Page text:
Drugs use the source of one in four new hepatitis C infections
Two in five people who have injected illicit drugs in the past year are living with hepatitis C, highlighting the urgent need for prevention and treatment, new Australian research shows.
Researchers from the Kirby Institute at the University of New South Wales and the National Drug and Alcohol Research Centre (NDARC) estimate that 6.1 million people who inject drugs are living with hepatitis C globally, with one-quarter of new infections occurring in people who inject drugs.
It is the first time that researchers have estimated the global, regional, and national numbers of people who inject drugs who are living with hepatitis C.
Lead author, Associate Professor Jason Grebely, said that, in Australia, almost 40,000 people who have recently injected drugs are living with HIV. However, Australia is one of only four countries worldwide with high coverage of both needle and syringe programs and opioid substitution therapies.
“Australia has been an international leader in its response to hepatitis C,” Associate Professor Grebely said.
“The fact that hepatitis C treatments are available for all individuals, without restrictions based on current or previous drug use, means that we are likely to achieve the World Health Organization goal to eliminate hepatitis as a major public health threat by 2030, including among people who inject drugs.”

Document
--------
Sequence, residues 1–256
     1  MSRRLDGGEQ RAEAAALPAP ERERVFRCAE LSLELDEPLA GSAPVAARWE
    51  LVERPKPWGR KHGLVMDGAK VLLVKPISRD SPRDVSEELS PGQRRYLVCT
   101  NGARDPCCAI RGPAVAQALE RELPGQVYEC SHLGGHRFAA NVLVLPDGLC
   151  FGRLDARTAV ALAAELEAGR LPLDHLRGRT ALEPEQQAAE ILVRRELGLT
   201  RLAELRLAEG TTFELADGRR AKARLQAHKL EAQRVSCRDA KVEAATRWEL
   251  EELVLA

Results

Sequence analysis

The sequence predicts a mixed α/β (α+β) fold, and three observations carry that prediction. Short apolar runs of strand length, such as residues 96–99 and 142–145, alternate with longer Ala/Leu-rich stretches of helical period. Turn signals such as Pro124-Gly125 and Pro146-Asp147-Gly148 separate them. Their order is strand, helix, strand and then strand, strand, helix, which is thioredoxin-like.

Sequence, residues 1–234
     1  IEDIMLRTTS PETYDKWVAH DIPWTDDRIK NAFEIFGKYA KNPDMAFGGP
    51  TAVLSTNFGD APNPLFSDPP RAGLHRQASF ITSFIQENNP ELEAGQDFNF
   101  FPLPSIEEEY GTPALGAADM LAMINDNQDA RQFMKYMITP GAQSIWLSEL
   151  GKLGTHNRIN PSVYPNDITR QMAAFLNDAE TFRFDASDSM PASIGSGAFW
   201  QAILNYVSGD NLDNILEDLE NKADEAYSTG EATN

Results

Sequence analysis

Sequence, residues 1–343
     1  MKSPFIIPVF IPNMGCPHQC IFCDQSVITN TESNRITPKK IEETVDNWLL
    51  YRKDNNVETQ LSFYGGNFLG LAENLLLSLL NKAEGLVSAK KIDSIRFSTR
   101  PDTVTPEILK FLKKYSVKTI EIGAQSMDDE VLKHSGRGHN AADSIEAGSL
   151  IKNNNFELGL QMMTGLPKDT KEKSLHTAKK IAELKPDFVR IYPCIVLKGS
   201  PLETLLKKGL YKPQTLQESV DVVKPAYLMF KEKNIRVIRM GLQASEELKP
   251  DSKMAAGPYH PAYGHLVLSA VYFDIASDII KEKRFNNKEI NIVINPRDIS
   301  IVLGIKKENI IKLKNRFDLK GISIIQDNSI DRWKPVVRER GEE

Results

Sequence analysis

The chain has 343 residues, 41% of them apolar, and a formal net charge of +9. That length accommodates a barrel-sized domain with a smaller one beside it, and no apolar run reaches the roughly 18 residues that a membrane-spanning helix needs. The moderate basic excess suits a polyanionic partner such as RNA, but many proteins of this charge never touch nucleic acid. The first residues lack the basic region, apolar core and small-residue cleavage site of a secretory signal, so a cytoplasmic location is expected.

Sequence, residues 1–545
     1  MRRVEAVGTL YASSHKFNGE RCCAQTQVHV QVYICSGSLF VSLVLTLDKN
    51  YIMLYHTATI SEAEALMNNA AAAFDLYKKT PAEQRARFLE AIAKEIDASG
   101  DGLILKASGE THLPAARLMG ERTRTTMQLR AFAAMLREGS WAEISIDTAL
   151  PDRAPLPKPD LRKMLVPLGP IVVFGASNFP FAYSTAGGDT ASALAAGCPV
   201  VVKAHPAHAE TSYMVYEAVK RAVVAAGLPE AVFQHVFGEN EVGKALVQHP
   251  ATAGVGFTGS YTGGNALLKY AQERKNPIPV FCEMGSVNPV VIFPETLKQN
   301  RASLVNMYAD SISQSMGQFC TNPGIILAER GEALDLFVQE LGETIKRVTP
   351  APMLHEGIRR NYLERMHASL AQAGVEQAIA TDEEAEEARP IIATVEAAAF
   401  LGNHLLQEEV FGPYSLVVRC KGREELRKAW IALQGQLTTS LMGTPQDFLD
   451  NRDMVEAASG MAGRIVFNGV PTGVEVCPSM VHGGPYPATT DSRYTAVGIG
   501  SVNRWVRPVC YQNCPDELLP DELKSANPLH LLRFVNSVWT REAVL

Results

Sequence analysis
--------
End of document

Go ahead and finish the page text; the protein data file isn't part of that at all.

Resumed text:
However, the outlook is not so bright globally, with only one per cent of people who inject drugs living in countries where needle and syringe programs and opioid substitution programs are widely available.
The greatest number of people with hepatitis C who have recently injected drugs live in eastern Europe, east and south- east Asia, and North America, and more than half of them live in just four countries – Russia, the United States, China, and Brazil.
“It is concerning that more than half of all hepatitis C infections among people who have recently injected drugs occur in countries with inadequate coverage of harm reduction services,” Judy Chang, from the International Network of People Who Use Drugs, said.
“The global elimination of hepatitis C as a public health threat will not be achievable unless we improve access to harm reduction services, de-stigmatise drug use and drug users, and improve the overall health of people who use drugs.”
The researchers estimate that about 71 million people world- wide are living with hepatitis C.
The research was published in Addiction on 24 July.